As our final year came to a close, and with adulthood and jobs closing in and threatening to separate all of us and scatter us onto different corners of the world, my friend Michelle and I decided that we wanted to do something special for the guys. The objective was for the four of us to spend one last carefree evening together before finals. Money was tight, so our options were very limited. Luckily my best friend is extremely resourceful, so she came up with most of our final, budget friendly plan.

But long before we knew exactly what we were going to do, we made and sent out their invitations with instructions to save the date, to be ready on time and to wear suits and ties.

Despite the dress code (or maybe because of?), the guys were intrigued and very excited and curious. Every day they would pester us for clues. We responded by acting all mysterious (which isn't particularly difficult to do if you yourself don't even have an inkling of the plans). Luckily Michelle's creativity flourishes under pressure, and before long we really did have a secret to keep.

On the November evening (which is late spring in South Africa), the guys were at home and all dressed up per our instructions when their doorbell rang. Thinking that we were finally there to pick them up, they answered the door. Much to their consternation, they discovered two policemen and a warrant for their arrests for "stealing city property." The "stolen property" in question were several unreturned and long overdue library books.

The two shaken guys were promptly cuffed, blindfolded and, like common criminals, unceremoniously thrown into the back of the police van.

As soon as they were blindfolded, the guys began to entertain the possibility that we had a hand in their predicament. They couldn't be completely sure, though, because the idea that real policemen would participate in a hoax just seemed too farfetched.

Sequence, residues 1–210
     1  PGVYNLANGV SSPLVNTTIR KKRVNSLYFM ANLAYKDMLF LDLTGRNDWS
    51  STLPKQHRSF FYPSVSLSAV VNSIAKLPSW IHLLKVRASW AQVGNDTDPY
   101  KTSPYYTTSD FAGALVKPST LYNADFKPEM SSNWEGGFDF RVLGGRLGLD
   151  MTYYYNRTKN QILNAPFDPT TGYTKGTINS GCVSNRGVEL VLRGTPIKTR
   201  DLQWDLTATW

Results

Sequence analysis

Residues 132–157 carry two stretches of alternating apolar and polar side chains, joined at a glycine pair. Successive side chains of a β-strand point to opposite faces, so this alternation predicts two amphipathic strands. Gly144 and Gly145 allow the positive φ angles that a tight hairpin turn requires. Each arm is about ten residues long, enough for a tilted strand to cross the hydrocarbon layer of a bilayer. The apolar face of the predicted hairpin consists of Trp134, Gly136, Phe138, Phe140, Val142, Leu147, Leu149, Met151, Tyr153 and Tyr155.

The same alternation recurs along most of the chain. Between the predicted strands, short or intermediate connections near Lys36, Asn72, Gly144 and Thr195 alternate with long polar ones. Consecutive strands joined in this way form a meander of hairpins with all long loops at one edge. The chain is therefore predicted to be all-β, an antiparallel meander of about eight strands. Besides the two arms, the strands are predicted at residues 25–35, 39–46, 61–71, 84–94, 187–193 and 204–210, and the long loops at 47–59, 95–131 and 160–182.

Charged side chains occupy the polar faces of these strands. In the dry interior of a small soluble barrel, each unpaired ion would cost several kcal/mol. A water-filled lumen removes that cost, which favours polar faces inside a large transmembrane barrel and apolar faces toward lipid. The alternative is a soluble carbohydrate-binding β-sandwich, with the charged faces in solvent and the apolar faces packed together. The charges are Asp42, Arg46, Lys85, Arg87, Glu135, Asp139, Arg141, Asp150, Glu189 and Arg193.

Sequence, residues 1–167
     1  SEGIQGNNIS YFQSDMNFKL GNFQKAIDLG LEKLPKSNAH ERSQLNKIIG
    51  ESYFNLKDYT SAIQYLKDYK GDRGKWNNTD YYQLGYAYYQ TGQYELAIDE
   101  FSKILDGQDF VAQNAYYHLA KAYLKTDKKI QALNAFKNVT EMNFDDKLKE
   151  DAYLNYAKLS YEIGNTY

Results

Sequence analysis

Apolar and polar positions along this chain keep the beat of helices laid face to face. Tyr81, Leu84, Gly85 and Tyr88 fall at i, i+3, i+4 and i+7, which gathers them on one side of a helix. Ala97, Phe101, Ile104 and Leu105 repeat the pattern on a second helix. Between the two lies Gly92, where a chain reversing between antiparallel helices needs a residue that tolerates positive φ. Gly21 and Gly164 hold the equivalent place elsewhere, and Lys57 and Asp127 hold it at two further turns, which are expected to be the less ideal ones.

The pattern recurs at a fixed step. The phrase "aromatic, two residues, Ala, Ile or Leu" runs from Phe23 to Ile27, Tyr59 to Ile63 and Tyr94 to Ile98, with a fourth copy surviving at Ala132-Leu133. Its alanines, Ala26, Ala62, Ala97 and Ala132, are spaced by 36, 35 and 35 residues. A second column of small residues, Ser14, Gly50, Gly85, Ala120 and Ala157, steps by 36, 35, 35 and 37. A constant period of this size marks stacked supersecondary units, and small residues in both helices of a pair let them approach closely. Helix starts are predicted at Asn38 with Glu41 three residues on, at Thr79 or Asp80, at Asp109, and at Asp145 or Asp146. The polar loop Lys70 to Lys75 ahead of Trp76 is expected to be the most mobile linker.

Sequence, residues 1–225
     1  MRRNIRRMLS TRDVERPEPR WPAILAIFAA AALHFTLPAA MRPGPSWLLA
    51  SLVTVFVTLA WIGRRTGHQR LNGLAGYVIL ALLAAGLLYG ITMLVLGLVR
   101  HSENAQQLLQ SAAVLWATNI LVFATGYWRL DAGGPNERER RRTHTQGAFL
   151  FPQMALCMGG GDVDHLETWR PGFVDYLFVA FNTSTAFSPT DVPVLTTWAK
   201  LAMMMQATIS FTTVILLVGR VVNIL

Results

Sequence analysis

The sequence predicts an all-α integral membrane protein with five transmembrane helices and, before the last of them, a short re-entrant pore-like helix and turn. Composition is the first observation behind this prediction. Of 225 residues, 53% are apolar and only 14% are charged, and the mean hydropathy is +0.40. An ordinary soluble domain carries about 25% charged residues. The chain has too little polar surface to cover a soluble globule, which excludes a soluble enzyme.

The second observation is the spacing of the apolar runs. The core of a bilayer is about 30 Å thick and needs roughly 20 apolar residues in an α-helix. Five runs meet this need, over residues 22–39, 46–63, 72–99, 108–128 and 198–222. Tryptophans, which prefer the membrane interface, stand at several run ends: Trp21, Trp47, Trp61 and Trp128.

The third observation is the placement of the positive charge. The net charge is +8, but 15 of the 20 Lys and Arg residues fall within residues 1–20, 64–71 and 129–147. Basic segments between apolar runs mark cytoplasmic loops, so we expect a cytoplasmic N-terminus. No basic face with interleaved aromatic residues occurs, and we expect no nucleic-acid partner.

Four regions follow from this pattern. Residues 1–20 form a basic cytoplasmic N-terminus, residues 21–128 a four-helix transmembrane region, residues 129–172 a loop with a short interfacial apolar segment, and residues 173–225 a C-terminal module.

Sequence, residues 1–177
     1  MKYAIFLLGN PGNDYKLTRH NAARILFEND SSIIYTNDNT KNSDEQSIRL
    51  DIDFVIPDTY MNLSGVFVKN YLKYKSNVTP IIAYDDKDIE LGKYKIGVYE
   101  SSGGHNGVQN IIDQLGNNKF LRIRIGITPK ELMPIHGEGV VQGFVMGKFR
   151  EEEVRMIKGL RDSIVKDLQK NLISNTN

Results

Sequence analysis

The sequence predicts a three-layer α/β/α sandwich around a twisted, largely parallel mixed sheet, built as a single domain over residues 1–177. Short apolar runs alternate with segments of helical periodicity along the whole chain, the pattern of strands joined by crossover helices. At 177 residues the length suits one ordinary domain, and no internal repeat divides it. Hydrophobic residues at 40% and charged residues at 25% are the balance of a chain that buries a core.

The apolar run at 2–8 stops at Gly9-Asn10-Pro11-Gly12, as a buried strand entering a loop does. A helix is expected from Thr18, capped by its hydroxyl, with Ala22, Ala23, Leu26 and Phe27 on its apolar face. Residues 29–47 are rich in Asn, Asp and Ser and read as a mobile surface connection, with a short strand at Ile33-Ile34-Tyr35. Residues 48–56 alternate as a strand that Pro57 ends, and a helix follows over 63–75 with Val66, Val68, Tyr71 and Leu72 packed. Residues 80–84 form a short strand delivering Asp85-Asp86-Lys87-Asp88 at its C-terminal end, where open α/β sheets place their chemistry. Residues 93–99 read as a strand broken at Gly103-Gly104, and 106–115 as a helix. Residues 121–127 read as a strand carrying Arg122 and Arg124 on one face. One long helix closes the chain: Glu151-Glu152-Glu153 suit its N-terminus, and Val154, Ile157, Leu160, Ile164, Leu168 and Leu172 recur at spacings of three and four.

Little did they know how many coffee and dinner dates were promised to various members of the precinct!

The cops drove in circles for a while before stopping and finally letting their very nervous charges out of the back of the van.

When the blindfolds and cuffs were removed, the guys were stunned to discover that they were at a park not far from their house. The park was one of our favourite places in the city. We had all spent many a morning there while ditching our classes.

It was just after sunset, and the evening was pleasantly cool and fragrant with the sweet perfume of the lilac Jacaranda blossoms.

Michelle went to greet the newly released prisoners and led them back into the park where I was waiting. Hundreds of bottled candles were flickering around our picnic blanket, casting the professional cello player (a girl who had gone to performing arts high school with me) in a soft glow. For the equivalent of $20, she regaled us with a good hour of Bach and Beethoven while we enjoyed our feast.

By a stroke of luck and pure coincidence, we had scheduled the night on a South African holiday, and after dinner, as if on cue, fireworks began exploding and lighting up the night sky.

Needless to say, the guys were floored and deeply touched, and we were instantly forgiven for not getting them better transportation to the event. (If they had only known: they were THIS close to wearing straight jackets in the back of a speeding ambulance. Unfortunately the EMTs were a bit more difficult to charm than the policemen.)